Making a comparison between the US and India on the No First Use posture, Major General (Retd.) Jamshed Ayaz Khan claimed: “Though prior, to display its nature, India was definite in its NFU stance, but now states ‘In the wake of a main attack on India, it would preserve the alternative of reacting with atomic weaponries. It means ‘NFU’ is actually out; it has become vaguer. When they choose to use Atomic Arms against a state, they would say that State was preparing to launch a bio-chemical assault on India, the philosophy of one-sided preventive attack method might be used and India has adopted this measure from the US nuclear doctrine.”[57]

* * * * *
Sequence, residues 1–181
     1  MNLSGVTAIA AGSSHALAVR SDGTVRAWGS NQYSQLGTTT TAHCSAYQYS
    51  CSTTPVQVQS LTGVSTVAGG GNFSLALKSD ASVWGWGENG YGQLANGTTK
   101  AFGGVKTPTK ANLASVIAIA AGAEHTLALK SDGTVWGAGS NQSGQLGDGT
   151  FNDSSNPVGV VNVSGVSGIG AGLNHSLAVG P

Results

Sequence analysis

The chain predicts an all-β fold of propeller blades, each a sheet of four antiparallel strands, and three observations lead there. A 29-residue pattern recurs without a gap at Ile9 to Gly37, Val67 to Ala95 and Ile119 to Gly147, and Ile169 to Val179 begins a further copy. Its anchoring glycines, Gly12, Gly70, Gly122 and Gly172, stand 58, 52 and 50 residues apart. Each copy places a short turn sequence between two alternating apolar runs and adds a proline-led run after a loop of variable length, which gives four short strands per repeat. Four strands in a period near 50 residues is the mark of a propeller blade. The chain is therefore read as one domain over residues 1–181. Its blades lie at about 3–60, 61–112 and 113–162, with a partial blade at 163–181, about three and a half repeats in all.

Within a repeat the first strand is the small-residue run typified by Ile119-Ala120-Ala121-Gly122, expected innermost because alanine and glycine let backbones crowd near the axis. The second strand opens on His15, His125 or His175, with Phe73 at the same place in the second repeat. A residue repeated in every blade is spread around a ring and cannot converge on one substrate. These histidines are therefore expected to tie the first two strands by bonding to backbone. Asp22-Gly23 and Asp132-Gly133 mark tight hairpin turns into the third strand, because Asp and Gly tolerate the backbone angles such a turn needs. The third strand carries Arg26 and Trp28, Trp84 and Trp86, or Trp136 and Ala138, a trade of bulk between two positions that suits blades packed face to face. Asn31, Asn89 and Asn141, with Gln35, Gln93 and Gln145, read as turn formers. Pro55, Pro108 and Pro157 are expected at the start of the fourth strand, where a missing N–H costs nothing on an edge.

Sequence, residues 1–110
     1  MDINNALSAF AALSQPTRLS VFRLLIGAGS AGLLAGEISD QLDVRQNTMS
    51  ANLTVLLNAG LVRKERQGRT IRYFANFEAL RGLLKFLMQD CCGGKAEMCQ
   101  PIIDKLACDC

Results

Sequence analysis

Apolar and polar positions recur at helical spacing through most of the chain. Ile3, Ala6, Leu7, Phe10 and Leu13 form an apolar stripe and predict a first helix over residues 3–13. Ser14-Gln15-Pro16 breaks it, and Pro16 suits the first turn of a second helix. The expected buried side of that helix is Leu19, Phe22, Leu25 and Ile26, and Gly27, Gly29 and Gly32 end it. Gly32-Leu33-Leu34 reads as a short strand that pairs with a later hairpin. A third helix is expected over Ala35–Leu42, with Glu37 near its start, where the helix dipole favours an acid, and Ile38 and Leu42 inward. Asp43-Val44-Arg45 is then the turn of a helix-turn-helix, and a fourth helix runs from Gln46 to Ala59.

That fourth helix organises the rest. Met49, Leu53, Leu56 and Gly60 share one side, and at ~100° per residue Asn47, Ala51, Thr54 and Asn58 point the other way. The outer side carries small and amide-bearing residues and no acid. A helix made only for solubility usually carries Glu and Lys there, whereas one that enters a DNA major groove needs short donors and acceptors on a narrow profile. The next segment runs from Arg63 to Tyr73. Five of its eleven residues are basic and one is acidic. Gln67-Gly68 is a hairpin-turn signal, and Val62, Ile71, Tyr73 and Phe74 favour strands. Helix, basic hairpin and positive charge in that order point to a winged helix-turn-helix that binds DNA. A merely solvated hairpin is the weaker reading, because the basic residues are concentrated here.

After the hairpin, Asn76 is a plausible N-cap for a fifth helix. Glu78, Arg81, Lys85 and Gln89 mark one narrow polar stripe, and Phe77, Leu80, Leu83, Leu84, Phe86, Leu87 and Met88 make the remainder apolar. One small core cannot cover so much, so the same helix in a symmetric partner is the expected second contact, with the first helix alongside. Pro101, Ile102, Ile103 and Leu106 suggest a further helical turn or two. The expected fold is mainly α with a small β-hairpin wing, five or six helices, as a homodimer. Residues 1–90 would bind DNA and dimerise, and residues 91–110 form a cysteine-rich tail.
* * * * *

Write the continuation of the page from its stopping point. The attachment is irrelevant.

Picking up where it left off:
On 11 April 2003, Indian Defense Minister George Fernandes called for pre-emptive strike against Pakistan,[58]and such a pre-emption is really perilous for deterrence permanence. As Krieger and Chaffee said the policy of pre-emptive attack by India towards Pakistan is very precarious, mainly given Pakistani limitation in conventional forces. In the case of India’s strategy of preemption, Pakistan probably will come up to its own nuclear weapon store with an even high vigilant position, carrying the two states nearer to deliberate or unintentional conflict, and will speed up the arms race in the region.”[59] P. Terrence Hopmann holds the opinion, that to avoid the threats stemming between rivals with uneven armed abilities, the NFU suggestions ought to be related with hard work at conventional arms control. He suggests the most hopeful method of stabilizing the conventional armed equilibrium and using NFU is all the way through arms control. The offer to connect NFU strategy with conventional arms control would be the first step for discussing a more long-lasting security agreement in the region.”[60] According to Sardar F. S. Lodhi, a Pakistan security expert, in any future war between India and Pakistan, Indian conventional supremacy is probable to exercise unbearable force. In such a worsening state of affairs, Indian attack is going to destroy our defense lines; the management would be left with only one choice, to use atomic arms to alleviate the state. The Indian dominance in conservative arm and men would have to be counterbalanced by atomic armaments. The political resolve to make use of atomic weaponry is necessary to avoid a non-nuclear armed clash which would afterward soar into an atomic warfare. Pakistan's Nuclear Doctrine would thus really base on the nuclear first use policy,[61] that Pakistan will use nuclear weapons if attacked conventionally.